Government extends consultation period for Corporate Income Tax Green Paper

Government extends consultation period for Corporate Income Tax Green Paper
Prime Minister Philip Davis (BIS Photos/ Kemuel Stubbs)

NASSAU, BAHAMAS — The government has extended the consultation period for its corporate income tax Green Paper to the end of August Prime Minister Philip Davis announced yesterday, stressing that the document is merely intended to stimulate stakeholder discussion and contains no commitment to any particular policy action. 

The Ministry of Finance last week released a Green Paper presenting four corporate income tax strategies for The Bahamas.

Back in July 2021, The Bahamas became one of over 138 members of the OECD’s Inclusive Framework that agreed to support the implementation of the Pillar Two tax reform, under which all multinational entities with revenues of 750 million euros or higher will be subject to a minimum effective tax rate of 15 percent in each jurisdiction in which they operate. 

Prime Minister Davis explained: “The Bahamas became a signatory to the OECD’s Pillar Two framework on July 1, 2021, along with approximately 350 countries, agreeing to the implementation of a 15 percent minimum corporate income tax.

“The Bahamas is not obligated to impose a 15 percent corporate income tax. However, entities exceeding the threshold of 750 million euros annually will be liable to pay a top-up tax in their respective jurisdictions, where they have offices or are already paying this income tax.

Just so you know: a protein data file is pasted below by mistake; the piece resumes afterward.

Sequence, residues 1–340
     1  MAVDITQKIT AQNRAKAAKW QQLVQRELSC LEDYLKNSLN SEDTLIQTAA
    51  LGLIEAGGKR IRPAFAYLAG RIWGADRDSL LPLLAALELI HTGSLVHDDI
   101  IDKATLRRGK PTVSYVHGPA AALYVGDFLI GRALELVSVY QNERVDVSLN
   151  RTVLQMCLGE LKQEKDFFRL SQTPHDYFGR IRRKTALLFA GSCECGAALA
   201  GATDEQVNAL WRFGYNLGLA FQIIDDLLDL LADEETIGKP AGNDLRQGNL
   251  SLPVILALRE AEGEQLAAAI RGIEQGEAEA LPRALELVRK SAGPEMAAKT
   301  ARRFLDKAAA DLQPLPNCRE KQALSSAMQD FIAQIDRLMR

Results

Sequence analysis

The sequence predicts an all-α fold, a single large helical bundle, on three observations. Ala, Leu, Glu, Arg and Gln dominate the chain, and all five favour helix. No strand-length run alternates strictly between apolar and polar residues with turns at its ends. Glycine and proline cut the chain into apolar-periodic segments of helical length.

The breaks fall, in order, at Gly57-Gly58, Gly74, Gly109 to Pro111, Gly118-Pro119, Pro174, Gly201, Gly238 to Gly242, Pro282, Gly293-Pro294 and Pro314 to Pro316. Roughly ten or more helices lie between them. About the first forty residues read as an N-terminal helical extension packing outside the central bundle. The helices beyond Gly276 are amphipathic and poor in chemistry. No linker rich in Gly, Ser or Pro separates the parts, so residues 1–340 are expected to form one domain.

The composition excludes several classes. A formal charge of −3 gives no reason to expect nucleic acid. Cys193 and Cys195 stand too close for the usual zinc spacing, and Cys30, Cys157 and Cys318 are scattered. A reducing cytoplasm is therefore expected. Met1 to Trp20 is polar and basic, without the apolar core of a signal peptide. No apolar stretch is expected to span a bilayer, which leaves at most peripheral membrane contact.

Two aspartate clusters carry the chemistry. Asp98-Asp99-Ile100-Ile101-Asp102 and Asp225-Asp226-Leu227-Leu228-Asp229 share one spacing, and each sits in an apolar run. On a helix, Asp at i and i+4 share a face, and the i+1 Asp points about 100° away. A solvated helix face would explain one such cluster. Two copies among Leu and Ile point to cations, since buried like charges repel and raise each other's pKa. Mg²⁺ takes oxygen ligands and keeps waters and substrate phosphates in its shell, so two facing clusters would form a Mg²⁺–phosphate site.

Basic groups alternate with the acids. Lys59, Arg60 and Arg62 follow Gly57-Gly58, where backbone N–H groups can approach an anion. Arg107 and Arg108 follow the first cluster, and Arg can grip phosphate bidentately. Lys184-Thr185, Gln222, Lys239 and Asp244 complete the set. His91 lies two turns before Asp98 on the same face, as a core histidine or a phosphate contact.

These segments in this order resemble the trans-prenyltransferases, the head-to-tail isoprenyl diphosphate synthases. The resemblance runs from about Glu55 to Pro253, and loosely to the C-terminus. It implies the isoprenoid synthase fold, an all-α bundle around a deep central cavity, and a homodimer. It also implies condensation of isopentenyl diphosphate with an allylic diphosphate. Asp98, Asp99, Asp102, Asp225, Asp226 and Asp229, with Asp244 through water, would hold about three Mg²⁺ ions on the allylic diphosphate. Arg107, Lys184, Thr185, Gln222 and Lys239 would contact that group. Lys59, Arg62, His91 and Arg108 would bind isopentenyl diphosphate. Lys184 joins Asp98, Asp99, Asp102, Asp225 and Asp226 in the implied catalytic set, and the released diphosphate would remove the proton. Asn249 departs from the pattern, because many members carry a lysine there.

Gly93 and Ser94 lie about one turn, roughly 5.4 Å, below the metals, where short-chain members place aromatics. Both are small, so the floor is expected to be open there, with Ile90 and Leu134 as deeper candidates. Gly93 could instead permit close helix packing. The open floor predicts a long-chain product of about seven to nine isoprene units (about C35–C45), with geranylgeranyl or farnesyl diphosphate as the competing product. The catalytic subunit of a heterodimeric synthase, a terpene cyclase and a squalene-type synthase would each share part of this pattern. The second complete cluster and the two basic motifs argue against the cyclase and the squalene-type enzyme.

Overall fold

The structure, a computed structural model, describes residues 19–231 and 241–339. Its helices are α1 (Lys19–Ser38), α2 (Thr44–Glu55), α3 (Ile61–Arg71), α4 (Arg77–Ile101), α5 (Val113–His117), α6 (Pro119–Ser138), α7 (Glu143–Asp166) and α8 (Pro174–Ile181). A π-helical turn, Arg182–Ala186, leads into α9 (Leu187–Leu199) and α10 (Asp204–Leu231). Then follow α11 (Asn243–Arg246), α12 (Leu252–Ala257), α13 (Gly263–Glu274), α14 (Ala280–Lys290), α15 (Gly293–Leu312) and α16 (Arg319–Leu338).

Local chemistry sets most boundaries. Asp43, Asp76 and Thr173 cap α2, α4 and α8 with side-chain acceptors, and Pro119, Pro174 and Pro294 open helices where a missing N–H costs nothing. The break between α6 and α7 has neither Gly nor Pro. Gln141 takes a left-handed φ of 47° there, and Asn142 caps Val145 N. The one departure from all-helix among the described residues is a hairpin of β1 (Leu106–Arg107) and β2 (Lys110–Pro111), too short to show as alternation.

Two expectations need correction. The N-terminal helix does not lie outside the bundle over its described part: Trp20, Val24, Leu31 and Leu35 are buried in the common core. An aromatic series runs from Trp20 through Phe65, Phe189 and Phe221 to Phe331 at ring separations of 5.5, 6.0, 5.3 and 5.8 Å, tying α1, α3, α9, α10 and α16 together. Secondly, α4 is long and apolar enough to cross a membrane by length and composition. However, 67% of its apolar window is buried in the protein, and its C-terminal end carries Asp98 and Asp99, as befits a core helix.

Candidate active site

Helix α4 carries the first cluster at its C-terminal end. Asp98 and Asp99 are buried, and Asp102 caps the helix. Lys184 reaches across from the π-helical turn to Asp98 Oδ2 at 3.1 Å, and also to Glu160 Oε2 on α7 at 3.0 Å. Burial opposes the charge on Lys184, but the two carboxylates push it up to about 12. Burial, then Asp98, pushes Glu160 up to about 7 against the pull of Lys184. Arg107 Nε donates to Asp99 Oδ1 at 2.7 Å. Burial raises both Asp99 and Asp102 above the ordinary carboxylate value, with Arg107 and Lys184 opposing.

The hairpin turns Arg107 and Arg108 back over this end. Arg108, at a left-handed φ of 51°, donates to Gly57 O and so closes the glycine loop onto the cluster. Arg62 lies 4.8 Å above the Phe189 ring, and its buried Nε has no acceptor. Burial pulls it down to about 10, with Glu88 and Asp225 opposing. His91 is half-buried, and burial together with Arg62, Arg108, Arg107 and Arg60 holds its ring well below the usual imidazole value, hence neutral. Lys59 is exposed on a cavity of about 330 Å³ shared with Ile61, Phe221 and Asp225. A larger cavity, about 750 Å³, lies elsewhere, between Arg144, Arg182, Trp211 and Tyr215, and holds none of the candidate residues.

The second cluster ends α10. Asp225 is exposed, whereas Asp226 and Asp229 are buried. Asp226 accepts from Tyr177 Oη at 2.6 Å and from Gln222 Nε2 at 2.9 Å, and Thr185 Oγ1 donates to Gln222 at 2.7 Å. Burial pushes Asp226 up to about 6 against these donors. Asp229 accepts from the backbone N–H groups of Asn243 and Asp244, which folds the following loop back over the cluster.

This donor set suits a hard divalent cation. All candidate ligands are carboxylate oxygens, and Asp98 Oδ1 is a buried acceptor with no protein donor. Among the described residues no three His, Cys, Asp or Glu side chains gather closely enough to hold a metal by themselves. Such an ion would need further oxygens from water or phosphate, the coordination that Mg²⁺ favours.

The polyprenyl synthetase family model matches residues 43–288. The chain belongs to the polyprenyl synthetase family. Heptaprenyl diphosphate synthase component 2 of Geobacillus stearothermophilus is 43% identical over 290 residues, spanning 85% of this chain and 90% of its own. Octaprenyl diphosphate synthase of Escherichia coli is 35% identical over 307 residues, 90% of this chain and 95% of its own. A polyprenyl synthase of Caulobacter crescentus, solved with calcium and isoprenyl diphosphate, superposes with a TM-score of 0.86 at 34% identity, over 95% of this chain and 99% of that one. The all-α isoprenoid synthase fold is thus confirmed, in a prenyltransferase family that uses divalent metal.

He continued: “This provides an incentive for the Bahamas to impose the 15 percent tax. If we don’t impose it on the multinationals, the jurisdiction where they are headquartered will top up whatever taxes are not met to reach the 15 percent. Instead of the funds going to that jurisdiction, it becomes an incentive to pay it here.”

Davis said the second motivation to explore a corporate income tax is to address the government’s goal of securing greater fairness and equity in the Bahamas’ tax regime.

“Prevailing concerns arise over the inherent bias in business licensing fees. Firms incur a significant tax burden even in loss-making years, as calculations are based on turnover instead of profits.”

Davis noted that companies that pay corporate income tax will not have to pay business license fees.

He stressed that the Green Paper was only intended to solicit feedback. He further noted that a subsequent  White Paper will include explicit policy statements on the government’s intended approach, propose legislative changes, and introduce new laws as deemed necessary.

The strategies outlined in the Green Paper are as follows: Option 1 applies the OECD’s 15 percent minimum tax rate to multinationals earning over 750 million Euros. Option 2 adds a 10 percent rate for other firms. Option 3 includes a 12 percent rate for firms above B$0.5 million, while maintaining the business license fee (BLF) for firms below this threshold. Option 4 enforces a 15 percent corporate income tax for all firms, except those below B$0.5 million, which would be subject to a 10 percent rate.

Interested parties had been invited to comment on the proposals in Green Paper and to provide responses to the series of questions contained therein by July 3, 2023 but that deadline has been extended to August 31.

East Grand Bahama Mp and Opposition finance spokesman Kwasi Thompson described the Green Paper as “incomplete,” arguing that more information is needed. 

“The government must have a plan to grow the economy and improve the ease of doing business,” said Thompson.